There I was, in public without a responsible adult and I was wondering what mayhem I could commit with my inexpensive walking cane should need arise.
Given the fact that it was manufactured from 1.0mm wall aluminum (probably 7075-T6), it didn't weigh much more than a fart on an elevator. Using it as a bludgeon was a non-starter. That left using it as a poking-tool as the only viable option.
According to the manufacturer, the cane was rated for 300 pounds at full extension. Since buckling load is proportional to 1/length^3, shortening the cane would vastly increase its load capacity and make it more robust for side-load. Shortening the cane also makes it easier to control and lowers the possibility of a thug taking it from you.
The preferred grip is to hold the handle beneath your boob and tightly clamped to your rib-cage and have your supporting (aiming) hand palm-up and gripping the ferrule. Maximum force comes from stiffening all of your joints and rotating, similar to clearing away defenders with your elbows after rebounding a basketball.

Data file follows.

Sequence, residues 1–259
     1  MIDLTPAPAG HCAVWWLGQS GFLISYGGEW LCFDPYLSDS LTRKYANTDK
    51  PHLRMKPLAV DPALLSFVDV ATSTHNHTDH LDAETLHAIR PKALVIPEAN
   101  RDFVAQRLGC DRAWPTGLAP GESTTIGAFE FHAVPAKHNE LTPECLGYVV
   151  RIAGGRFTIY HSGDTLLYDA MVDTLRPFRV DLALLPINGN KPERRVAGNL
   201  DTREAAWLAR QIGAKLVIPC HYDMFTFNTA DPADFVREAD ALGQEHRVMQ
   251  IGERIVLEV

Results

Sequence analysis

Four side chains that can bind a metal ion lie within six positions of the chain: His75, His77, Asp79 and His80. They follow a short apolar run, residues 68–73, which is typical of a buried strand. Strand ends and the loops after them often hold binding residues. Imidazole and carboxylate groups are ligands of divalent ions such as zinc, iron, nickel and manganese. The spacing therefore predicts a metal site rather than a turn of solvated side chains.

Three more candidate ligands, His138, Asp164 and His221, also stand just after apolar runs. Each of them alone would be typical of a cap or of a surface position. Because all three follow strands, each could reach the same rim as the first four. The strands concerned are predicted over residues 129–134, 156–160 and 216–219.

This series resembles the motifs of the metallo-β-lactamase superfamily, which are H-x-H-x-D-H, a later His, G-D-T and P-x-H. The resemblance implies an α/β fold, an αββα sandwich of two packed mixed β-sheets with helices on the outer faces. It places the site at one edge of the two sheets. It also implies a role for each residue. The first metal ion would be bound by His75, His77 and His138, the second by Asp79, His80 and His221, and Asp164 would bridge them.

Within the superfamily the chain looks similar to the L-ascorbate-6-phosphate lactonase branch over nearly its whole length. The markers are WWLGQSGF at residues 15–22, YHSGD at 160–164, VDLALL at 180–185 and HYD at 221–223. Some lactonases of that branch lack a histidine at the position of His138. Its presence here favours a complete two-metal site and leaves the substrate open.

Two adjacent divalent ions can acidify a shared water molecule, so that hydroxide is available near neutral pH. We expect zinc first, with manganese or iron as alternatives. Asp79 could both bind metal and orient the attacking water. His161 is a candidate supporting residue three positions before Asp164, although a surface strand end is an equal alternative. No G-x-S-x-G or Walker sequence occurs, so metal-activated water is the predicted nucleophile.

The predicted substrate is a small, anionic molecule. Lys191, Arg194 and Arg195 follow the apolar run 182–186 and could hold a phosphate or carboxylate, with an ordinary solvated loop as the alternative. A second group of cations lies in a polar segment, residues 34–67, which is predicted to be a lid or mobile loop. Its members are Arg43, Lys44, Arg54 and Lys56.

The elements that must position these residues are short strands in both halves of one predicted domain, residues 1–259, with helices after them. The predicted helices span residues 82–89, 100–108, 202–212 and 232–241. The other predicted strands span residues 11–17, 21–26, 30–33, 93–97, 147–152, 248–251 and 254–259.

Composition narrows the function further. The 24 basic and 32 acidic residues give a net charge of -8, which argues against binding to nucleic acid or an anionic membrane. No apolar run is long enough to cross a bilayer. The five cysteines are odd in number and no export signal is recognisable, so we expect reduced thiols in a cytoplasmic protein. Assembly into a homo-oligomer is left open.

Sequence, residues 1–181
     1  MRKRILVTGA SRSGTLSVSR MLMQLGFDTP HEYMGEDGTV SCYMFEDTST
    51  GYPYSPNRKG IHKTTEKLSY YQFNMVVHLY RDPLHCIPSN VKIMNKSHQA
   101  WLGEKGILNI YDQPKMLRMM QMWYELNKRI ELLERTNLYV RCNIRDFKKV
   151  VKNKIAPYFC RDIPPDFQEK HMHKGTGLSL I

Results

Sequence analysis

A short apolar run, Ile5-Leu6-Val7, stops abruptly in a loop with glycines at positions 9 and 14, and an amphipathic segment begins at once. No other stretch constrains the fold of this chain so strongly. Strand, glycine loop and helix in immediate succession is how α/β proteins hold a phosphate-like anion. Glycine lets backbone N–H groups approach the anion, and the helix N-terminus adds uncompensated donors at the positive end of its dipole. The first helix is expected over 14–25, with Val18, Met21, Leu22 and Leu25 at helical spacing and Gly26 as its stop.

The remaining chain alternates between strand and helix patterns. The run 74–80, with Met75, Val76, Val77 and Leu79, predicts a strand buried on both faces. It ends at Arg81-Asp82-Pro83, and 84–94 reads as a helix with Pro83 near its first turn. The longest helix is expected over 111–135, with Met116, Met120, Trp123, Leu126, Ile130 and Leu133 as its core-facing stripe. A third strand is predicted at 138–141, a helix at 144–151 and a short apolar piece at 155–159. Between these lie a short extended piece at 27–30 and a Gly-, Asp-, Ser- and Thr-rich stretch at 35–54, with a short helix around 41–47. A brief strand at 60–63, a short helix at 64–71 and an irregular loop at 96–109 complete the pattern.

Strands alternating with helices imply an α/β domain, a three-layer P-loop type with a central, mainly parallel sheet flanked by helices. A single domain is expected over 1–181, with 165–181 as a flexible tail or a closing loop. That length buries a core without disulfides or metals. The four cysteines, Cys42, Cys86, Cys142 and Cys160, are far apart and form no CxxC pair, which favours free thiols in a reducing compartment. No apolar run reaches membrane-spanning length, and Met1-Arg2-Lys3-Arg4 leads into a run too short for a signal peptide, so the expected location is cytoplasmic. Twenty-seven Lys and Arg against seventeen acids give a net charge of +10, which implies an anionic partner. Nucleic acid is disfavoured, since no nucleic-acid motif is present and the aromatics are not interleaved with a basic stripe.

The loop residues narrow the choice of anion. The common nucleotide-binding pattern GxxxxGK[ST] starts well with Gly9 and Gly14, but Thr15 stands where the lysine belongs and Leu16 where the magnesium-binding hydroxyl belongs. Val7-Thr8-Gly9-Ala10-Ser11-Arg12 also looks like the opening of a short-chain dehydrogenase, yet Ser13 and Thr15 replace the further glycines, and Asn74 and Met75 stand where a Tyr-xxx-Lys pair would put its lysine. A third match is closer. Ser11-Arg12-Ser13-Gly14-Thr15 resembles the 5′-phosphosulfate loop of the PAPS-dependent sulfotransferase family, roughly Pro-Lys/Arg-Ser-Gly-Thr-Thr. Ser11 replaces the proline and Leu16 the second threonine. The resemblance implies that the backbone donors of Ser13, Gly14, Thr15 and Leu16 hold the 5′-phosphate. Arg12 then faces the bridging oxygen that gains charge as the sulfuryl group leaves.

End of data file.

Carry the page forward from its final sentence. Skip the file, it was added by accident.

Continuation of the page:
How much force to break a rib?
Given the elevation of the cane, the assailant's rib-cage is the only viable target.
The question of the day is "How much force does it take to break a human rib?"
|Location of samples.|
|Cross-section through human rib (female). Approximately 11mm along long axis and 4mm the narrow axis. Wall thickness varies between 0.8mm and 0.3mm.|
The STRONGEST sample they tested of 33 samples taken from 17 women broke at 5.5 N-m.
That would be analogous to a six-inch sample supported on both ends by resting on a table and only being able to support 32 pounds applied to the center of the sample.
In my mind, that translates into about 45 pounds for a young male. Or, stated another way, poking a young thug in the ribs with the tip of my cane with a delivery force of 50 pounds is likely-to-highly likely to break one of his ribs.
What is the gut feel among you readers? Too high? Too low? Seems reasonable?
I was dismissive until I read that if you are not breaking ribs on patients while applying CPR you are probably not doing it right.
Ribs seem rugged because they are flexible and because they exist in a mesh of muscle that allow them to seamlessly shift load to neighboring ribs. In fact, we rarely talk about a "rib" singular because they work as a system. It looks like it takes surprisingly little load to break a rib (singular) when applied as a point load.